Lift Emergency Phones - a Cause for Concern?
Jason Godwin, 23. 11. 2022 | 5 min read
In a recent LinkedIn article “Safety Focus Article—Lift Autodiallers” by James Mills from D2E International VT Consultants, it was noted that their post-inspection analysis pointed to some serious issues surrounding lift autodialler malfunction affecting a massive 38% of units they tested during their iPAMS™ audits. Read on for our tips on what you can do to avoid these all-too-common problems, and how 2N can help!
71% suffered failed backup power
Backup power to emergency autodiallers became an issue as line-powered POTS/PSTN fixed connections were gradually replaced by mobile gateways requiring a power supply - meaning EN81-28 requires backup power to provide at least one hour of stand-by and 15 minutes of talk time. To ensure backup power availability all gateways typically have some way of notifying the maintenance party when batteries require replacement and usually, that messaging is via SMS. In addition, 2N’s flagship 2N® EasyGate IP gateway also communicates battery status through the 2N® Elevator Center cloud application which gives any operator a complete view of the gateway status. However, in case of backup power degradation or failure, if the warnings are not acted upon immediately and are dismissed, forgotten, or left to the next planned site visit then in the event of a power failure, the lift passengers will find the autodialler not functioning and be put through an ordeal that could have been avoided.
To mitigate this, consideration should be given to widening the audience for the SMS warnings to include building management. With the 2N® Elevator Center cloud application, you can also set email alerts which would act as a double notification system for key people. A more radical step is to mount the gateway outside of the lift domain in common areas of the building. Be sure to do this in a way that makes it not only secure but also accessible to building management staff. They can check battery status and vociferously hold maintenance companies to account when backup power warnings are ignored.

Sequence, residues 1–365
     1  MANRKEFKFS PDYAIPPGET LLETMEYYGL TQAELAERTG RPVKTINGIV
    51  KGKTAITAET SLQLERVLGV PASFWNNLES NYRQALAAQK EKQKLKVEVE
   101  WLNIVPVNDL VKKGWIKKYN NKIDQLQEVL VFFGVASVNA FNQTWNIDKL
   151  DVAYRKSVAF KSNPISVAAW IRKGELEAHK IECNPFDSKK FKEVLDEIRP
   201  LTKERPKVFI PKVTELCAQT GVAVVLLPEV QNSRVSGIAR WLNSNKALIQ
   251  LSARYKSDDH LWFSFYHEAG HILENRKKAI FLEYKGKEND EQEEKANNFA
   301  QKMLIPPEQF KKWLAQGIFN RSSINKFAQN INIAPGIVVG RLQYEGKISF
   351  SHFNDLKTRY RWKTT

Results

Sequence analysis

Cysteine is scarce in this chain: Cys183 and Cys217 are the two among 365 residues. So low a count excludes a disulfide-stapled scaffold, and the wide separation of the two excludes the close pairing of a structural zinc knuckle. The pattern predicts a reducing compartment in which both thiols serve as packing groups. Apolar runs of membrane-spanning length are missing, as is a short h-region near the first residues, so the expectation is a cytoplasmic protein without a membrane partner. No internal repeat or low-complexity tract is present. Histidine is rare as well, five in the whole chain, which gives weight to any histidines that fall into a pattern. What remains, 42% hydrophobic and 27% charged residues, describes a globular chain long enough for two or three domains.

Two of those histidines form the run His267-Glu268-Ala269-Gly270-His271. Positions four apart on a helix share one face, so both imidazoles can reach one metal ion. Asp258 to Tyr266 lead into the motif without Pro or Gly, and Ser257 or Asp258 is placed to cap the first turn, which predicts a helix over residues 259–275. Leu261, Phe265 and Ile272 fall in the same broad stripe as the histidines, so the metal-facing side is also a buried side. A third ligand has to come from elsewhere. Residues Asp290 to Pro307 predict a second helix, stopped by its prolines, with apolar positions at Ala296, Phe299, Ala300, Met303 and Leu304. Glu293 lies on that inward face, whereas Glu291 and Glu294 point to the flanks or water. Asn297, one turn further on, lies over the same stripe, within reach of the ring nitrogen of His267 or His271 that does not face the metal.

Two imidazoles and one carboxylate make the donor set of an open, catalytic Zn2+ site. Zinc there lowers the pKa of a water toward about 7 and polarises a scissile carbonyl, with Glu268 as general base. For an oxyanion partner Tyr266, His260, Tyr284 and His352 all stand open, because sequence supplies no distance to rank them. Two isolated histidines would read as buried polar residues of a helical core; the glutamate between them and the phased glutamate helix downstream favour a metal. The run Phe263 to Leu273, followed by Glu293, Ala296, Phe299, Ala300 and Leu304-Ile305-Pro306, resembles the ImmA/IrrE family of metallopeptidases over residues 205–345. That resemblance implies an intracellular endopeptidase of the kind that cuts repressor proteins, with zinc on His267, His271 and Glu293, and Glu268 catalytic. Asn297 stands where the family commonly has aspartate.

25% failed to operate under backup power and under normal circumstances
EN81-28 requires the autodialler to simulate an lift alarm through to the response centre every three days - and the resolution of a test lift alarm failure should be acted upon as a matter of priority. As it’s statically unlikely that all 25% of failures were within a 3-day window – this means that the failures in the tests were not being flagged and acted upon. Post-installation and testing, an autodialler failure is likely due to programming errors or gateway SIM cards being unable to communicate due to account suspension or lack of credit.
To address the first issue 2N works with distributors and directly with OEMs to create auto-configuration files or templates that need only uploading to the autodialler locally, or from a central location, in order for all autodialler units under management to function properly. If you want to solve the second issue, the 2N® EasyGate IP gateway communicates 24/7 with 2N’s cloud-based 2N® Elevator Center, showing and flagging any issue with the backup power (or the mobile connectivity) immediately. Since data is required to be transmitted constantly, it allows for faster problem resolution without the need to wait for an lift alarm test call failure – and is available to all customers.
4% had reported issues with two-way communication
Effective communication once an lift alarm is activated of course requires that the lift passenger(s) can hear the response centre, and vice-versa. EN-81 also requires that the voice communication equipment be adjustable to suit site conditions, too. Therefore the microphone and speaker gains should be set and tested end-to-end at the time of autodialler installation. 2N autodiallers come pre-adjusted to a lift cab background noise norm and the parameters can be further adjusted locally, or indeed remotely. Generally, however, they should not need adjustment unless environmental noise conditions are poor.
In summary, though lifts are the safest form of transport and very reliable - there are elements that still require human oversight and intervention. The autodialler is a good example and it’s one of the most important elements from a user experience and safety perspective in emergency situations. The findings of the D2E International VT Consultants serve as a testament to the value of consultant maintenance audits, and a reminder for maintenance companies that there’s more to do. As for autodialler manufacturers like 2N – we will continue to innovate and simplify!